Friday

19th Oct 2018

Merkel gives up on God in EU treaty

German chancellor and Christian Democrat Angela Merkel has voiced regret there will be no reference to Christian roots in the revised EU treaty, amid controversial remarks about damage to churches in Turkish Cyprus at a meeting of religious VIPs in Brussels.

"You know what my personal view is. I would have liked the constitution to deliver such a reference. But as president of the European Council, I see there is not much of a chance," she said on the prospects of God appearing in a preamble to the EU text. "I can't hold out any hope," she added.

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  • A sixth century icon from North Africa (Photo: wikipedia)

Her statement comes in the context of Germany's push to fix the broad outlines of a new EU treaty - still called a "constitution" by some - in late June, following months of bilateral consultations with EU states after the rejection of the original EU constitution in 2005.

The God debate is at least as old as the 2002 EU convention that wrote the original constitution, with Roman Catholic states like Poland and the Vatican pushing for the reference, but with France and the UK worried over national secularist traditions or damaging relations with Islamic EU candidate Turkey.

The EU's 50th birthday declaration in March rejuvenated the discussion. But in the end the birthday text made no reference to Christianity, while praising "identities and diverse traditions of member states" and how the EU is "enriched" by a "variety of languages, cultures."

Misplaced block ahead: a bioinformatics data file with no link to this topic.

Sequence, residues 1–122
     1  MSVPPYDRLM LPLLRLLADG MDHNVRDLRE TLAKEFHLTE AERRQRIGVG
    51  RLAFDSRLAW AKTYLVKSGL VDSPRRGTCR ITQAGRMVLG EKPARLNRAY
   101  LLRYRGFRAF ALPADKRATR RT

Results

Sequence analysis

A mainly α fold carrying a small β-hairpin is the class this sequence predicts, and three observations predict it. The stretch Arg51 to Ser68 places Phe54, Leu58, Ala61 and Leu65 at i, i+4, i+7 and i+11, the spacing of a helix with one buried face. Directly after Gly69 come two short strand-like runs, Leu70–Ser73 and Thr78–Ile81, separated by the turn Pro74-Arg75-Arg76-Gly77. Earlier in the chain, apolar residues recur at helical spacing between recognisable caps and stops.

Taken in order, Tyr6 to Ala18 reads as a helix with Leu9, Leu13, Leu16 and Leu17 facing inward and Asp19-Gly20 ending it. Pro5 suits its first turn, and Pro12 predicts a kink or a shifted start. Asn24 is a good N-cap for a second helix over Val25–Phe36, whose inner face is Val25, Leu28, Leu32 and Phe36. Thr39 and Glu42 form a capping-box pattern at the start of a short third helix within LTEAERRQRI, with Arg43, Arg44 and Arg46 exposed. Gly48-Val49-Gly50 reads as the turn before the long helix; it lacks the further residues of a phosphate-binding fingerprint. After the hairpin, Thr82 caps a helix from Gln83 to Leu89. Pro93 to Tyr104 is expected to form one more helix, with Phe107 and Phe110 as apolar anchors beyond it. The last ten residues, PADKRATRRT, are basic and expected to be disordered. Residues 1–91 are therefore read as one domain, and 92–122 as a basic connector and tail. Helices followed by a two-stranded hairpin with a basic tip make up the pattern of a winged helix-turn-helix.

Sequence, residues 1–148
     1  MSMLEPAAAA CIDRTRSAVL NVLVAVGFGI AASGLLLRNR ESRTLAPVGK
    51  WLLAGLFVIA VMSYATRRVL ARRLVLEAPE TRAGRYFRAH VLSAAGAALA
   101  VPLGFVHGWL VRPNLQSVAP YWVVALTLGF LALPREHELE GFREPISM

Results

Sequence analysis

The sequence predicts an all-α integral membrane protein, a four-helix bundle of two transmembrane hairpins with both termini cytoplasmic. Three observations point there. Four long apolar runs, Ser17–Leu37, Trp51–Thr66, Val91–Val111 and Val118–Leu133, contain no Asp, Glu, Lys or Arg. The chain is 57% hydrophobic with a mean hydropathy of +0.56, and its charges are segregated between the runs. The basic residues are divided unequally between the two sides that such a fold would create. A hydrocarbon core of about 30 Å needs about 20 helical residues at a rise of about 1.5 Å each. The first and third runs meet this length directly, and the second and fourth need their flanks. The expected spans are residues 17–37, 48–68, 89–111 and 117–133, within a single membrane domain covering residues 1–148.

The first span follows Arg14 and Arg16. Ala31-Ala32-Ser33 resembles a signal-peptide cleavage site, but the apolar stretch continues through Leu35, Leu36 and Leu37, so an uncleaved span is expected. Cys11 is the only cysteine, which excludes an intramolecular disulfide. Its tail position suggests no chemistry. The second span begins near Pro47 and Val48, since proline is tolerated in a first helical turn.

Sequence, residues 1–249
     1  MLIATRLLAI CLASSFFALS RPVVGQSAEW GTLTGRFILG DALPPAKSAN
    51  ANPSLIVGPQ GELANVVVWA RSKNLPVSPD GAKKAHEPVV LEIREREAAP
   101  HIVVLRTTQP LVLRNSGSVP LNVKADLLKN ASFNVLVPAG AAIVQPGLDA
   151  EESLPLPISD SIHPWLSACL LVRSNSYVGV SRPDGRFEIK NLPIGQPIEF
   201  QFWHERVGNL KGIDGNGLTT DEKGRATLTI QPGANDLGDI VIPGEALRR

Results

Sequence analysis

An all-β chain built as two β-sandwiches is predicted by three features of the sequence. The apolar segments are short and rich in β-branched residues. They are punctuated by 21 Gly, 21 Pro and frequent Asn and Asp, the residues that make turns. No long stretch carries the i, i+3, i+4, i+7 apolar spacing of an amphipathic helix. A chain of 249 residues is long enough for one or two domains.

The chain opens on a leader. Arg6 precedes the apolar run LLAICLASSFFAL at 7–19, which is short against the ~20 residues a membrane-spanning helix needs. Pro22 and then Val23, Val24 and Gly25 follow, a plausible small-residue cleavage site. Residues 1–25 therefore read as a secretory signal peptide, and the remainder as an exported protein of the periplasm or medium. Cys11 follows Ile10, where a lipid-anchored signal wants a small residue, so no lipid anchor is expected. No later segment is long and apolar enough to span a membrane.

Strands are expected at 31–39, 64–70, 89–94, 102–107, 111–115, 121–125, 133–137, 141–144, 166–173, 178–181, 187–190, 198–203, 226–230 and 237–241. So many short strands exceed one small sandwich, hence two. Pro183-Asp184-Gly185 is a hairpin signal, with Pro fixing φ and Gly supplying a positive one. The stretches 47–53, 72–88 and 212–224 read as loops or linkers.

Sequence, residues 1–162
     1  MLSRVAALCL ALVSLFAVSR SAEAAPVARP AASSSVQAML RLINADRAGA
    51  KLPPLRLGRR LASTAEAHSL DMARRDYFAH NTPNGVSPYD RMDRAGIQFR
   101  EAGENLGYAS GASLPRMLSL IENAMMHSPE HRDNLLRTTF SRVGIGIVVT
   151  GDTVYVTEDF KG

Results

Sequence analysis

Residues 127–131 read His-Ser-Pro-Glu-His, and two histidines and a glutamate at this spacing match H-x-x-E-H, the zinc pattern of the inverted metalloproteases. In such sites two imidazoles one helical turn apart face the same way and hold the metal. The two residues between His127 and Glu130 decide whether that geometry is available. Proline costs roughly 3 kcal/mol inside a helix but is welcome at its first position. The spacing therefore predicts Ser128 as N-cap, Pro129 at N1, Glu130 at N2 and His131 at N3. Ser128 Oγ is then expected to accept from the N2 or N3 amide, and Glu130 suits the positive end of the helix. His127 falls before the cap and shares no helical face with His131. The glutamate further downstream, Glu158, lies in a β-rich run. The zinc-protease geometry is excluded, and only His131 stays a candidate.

Universal values

When the German chancellor, European Commission president Jose Manuel Barroso and European Parliament president Hans-Gert Poettering met Christian, Jewish and Muslim leaders at the EU capital on Tuesday (15 May), they stuck to safe ground on "universal" EU values such as "human dignity."

"Human dignity is at the basis of the values we share in Europe," Mr Barroso said. "We have discussed the need to respect freedom of religion not just in the EU but in all the countries that want to be part of the EU and in the wider world."

Earlier at lunch, Mr Barroso told his guests that every time he talks with Turkish prime minister Recep Tayyip Erdogan he stresses the importance of freedom of worship. Mr Poettering also voiced concern over the murder in April of three Christian publishers in Turkey and praised Ankara's handling of the incident.

But the meeting was not entirely free of controversy, with Ms Merkel at the final press conference saying the EU "can't close its eyes" to violations of "human dignity" in "particular terms" such as "the fact religious property is being damaged in Northern Cyprus."

The Archbishop of All Cyprus

Her comment relates to her conversation with His Beatitude Chrysostomos II, the Archbishop of Nova Justiniana and All Cyprus, who criticised Turkish Cypriot authorities at Tuesday's religious seminar. An EU official later played down Ms Merkel's words, saying she was merely trying to reflect the day's debate.

About 500 Orthodox Christian churches fell under Turkish Cypriot control following the Turkish-Greek conflict on the island in 1974. The past 33 years have seen widespread reports of looting and vandalism of priceless, Byzantine-era frescos and icons in the region.

But the Turkish Cypriot community refuses to take the blame, saying that non-recognition of the Turkish Republic of Northern Cyprus by the international community means crucial aid from bodies like UNESCO cannot get through. The republic recently sent a letter to MEPs that also complains of damage done to Islamic sites in southern Cyprus.

"There are issues relating to this on both sides," a Turkish Cypriot representative told EUobserver.

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The new blend of religious nationalism will be more anti-West and anti-EU, as Brussels has anything but leverage on Turkey. The first signs of this strong rhetoric are already visible.

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